1971
 

DAYTONA 200 MILES - March 14, 1971: THE TRIUMPH OF ENGLISH



1971 - Gene Romero riding the Trident during the Daytona 200 Miles: 2nd at the finish line
1971 - Gene Romero riding the Trident during the Daytona 200 Miles: 2nd at the finish line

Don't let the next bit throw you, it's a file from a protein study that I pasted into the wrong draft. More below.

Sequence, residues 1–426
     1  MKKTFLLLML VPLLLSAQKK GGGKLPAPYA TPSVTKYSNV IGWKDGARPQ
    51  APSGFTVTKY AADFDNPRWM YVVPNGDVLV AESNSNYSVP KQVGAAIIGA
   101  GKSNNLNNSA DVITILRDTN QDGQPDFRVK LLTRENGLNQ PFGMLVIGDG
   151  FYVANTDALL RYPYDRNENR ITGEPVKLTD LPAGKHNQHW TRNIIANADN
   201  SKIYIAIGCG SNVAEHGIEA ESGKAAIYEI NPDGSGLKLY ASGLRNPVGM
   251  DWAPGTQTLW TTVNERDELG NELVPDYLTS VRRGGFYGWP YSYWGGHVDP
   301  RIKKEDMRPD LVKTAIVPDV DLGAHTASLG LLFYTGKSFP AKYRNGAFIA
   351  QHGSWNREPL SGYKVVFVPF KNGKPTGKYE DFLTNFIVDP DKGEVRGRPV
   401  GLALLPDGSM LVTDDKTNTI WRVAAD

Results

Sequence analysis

The goal for 1971 is to win the Daytona 200. The eventual success at Daytona is not just sports but mainly commercial. Peter Thornton (large head of the American branch Triumph / BSA) does not want to repeat the mistake of the previous year and sets two objectives: to put under contract Dick Mann (the winner in 1970) and increase the number of bikes to be deployed in Daytona and in the remaining trials for the Grand National. All of course with no expense spared ... the use of manpower and resources is impressive. To take care of the negotiations with Dick Mann Pete Colman, Director sports teams BSA / Triumph in the US, putting on the table an offer impossible to refuse: the contract rider, guaranteed to have a spot on the team in all speed tests of the Grand Nation and a large stock of spare parts and special parts to deal with the season at the top of the Flat-track. So, for those strange coincidences of life, the pilot of Richmond became at age 37 the top riders of the BSA Grand National championship in the US, where only a year earlier had been rejected because it was considered too mature. Mann repays the trust placed in the best possible way by winning the Daytona 200 and the Grand National. That of 1971 is its eighteenth season of racing, but the deal with the enthusiasm of a newcomer: the championship if he has already won in the 1963, then the experience necessary to defend themselves from the onslaught of young lions without worrying about the age difference. As just one example, his teammate Dave Aldana was born in 1962, the same year the old Dick made ​​his debut in the Dirt-Track with a BSA Gold Star. Despite his age, the undertaking of pilot Richmond is remarkable, such as the BSA Group on the other hand. In Daytona motorcycles are recognized as ten (five and five Triumph BSA) and the costs are largely borne by the importer the US, but it does not seem to care too much. In addition to the six specimens that were assembled during the year 1970, in the workshops of Meriden, four new units. For the BSA is still Mike Hailwood (with an expensive token presence) and four Americans: Don Emde, Jim Rice, Dave Aldana and the aforementioned Dick Mann. Hailwood is hired by the BSA as more superstars to attract the public and the press as the first guide: from the commercial point of view it is important that the winner is American.